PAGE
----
North Korea's controversy-ridden ski resort to be used as training facility by two Koreas

This undated picture released by North Korea's official Korean Central News Agency (KCNA) on December 31, 2013 shows North Korean leader Kim Jong-Un (C) inspecting a ski resort on Masik Pass to be completed in Kangwon province.

Seoul and Pyongyang announced Wednesday night that a joint training exercise of their skiers will take place at Masikryong Ski Resort in North Korea ahead of the PyeongChang Winter Olympics.

It was agreed that South Korean officials will visit the resort from Jan. 23-25 to check the facility, which will be followed by a joint training exercise there. The South Korean players sent there, however, will not be members of the South Korean national team that will compete in the Olympics, but those recommended by the Korea Ski Association.

Masikryong Ski Resort is one of North Korea's most heavily promoted and expensive projects under its current leader Kim Jong-un. The Swiss-educated Kim is said to be an avid skier.

Located in Wonsan, Gangwon Province -- on the North Korean side -- the ski resort is estimated to have cost US$35 million (S$46.3 million) to build. According to North Korean reports, it has 10 slopes of varying difficulties and can accommodate 250 foreign guests and 150 North Korean visitors.

The communist nation has attempted to bring the ski resort into the international spotlight by inviting world-famous celebrities like former Japanese wrestler Antonio Inoki and former NBA star Dennis Rodman, also a personal friend of Kim.

The North has reportedly been seeking to attract foreign visitors to the ski resort, in a bid to earn foreign currency.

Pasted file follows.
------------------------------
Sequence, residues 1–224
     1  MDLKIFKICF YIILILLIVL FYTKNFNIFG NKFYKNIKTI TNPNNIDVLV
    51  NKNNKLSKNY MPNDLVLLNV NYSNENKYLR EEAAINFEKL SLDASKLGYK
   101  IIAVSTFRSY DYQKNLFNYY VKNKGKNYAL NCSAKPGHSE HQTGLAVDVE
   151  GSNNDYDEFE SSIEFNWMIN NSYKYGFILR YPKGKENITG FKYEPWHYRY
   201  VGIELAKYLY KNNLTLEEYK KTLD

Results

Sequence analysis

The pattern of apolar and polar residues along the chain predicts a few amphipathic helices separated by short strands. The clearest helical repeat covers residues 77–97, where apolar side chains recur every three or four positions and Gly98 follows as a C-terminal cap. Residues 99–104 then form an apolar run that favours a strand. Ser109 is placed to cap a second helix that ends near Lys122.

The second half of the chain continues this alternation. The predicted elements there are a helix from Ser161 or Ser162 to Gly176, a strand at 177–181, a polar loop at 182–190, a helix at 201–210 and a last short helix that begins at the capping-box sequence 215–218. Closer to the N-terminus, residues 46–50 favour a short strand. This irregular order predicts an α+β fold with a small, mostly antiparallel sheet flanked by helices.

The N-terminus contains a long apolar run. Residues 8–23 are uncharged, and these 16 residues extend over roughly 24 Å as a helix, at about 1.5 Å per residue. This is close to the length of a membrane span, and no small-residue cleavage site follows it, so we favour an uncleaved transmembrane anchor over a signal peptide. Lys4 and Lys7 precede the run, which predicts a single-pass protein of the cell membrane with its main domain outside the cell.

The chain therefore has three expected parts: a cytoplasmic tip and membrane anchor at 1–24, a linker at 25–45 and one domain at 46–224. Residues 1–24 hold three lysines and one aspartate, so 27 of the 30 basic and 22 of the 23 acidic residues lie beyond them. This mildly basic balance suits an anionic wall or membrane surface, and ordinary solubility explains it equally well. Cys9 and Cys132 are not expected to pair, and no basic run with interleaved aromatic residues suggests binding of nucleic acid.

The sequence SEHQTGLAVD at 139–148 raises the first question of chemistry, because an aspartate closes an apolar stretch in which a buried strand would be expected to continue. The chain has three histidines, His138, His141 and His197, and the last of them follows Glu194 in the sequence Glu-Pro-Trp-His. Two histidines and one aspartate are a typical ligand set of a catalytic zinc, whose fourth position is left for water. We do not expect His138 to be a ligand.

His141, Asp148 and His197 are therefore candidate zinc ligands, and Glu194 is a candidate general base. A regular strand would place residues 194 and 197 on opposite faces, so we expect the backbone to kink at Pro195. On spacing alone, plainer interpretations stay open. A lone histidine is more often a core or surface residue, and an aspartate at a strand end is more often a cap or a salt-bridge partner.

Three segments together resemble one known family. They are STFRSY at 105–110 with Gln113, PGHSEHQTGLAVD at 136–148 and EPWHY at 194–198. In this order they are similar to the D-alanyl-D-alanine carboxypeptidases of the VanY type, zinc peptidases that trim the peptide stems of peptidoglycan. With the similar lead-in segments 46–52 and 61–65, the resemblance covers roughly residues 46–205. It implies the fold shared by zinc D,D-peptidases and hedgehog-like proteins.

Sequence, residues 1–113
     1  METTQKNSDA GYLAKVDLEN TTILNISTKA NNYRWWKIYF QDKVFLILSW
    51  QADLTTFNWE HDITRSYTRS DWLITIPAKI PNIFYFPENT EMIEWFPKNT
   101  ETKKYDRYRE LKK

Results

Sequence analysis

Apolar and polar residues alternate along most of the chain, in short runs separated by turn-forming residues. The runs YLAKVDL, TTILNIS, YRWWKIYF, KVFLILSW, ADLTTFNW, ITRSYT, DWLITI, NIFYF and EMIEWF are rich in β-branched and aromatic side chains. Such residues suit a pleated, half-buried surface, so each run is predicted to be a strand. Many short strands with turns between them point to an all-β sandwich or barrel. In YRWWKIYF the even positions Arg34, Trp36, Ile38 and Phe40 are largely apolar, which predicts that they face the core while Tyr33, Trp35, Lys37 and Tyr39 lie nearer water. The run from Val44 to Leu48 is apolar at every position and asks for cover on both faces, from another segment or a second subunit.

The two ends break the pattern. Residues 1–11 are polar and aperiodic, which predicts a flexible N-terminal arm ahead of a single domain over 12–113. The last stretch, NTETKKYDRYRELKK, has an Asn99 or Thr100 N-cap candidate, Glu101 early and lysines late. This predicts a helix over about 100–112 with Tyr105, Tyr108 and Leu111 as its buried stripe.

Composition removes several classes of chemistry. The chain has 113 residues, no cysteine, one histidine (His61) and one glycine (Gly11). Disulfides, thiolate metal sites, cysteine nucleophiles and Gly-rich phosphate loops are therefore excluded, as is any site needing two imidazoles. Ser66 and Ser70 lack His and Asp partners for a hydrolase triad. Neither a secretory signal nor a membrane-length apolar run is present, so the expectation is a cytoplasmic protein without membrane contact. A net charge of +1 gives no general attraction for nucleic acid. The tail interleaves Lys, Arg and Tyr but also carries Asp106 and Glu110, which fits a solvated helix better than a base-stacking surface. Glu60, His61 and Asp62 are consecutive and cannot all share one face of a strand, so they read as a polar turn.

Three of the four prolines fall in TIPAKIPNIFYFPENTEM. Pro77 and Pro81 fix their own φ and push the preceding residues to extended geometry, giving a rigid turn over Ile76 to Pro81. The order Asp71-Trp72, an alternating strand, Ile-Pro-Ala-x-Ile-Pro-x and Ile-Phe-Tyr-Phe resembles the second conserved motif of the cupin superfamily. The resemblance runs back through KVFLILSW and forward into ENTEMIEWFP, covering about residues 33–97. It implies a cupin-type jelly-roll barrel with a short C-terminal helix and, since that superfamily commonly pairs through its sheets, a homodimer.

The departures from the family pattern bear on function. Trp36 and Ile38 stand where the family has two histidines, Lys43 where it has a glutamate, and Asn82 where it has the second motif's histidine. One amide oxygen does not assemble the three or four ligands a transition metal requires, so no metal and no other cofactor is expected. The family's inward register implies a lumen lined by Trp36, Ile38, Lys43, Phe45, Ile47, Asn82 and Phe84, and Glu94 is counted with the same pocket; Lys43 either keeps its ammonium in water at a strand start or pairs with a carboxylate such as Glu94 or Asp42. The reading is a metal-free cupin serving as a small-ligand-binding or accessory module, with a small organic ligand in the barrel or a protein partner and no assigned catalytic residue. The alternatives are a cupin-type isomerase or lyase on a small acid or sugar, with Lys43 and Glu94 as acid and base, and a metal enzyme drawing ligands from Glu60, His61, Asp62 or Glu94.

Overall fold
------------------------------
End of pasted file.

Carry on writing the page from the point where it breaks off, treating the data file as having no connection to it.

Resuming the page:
British media outlet the Guardian visited the facility and described it as "fairly well built, though one can see that it was done fast and some of the trimmings are less than perfect."

A Korea Ski Association official told local media that the resort meets the International Ski Federation's requirements as a training facility.

But the quality of slopes, hotels and accompanying facilities are not so much a problem as the suspicion of the use of child labour in building and maintaining the resort.

Last year, footage revealed by NBC showed workers labouring in the freezing cold to keep roads open, some of whom clearly appeared to be children. The revelation sparked furor and condemnation from around the world, with groups like US-based Human Rights calling on the UN to pressure the North to stop child labour.

There have been criticisms within South Korea about the North taking advantage of this opportunity to promote its facility and its dictatorial leadership.

"Masikryong resort opened in 2013, and North Korea is busy promoting it because not enough foreigners are visiting. For our players to train there is preposterous," said Rep. Na Kyung-won of the Liberty Korea Party on TBS radio. "I think (the Olympics) are being used for North Korean propaganda."

Those from the ruling Democratic Party of Korea refuted the claim by saying that the joint practice would contribute to establishing peace on the Korean Peninsula.

"I don't think it's necessarily bad, allowing the North to take the opportunity and showcase the Masikryong resort," said Rep. Park Young-sun of the Democratic Party while appearing on the same radio show. "Both sides giving in little by little and keeping a line of communication open could be a small step toward peace."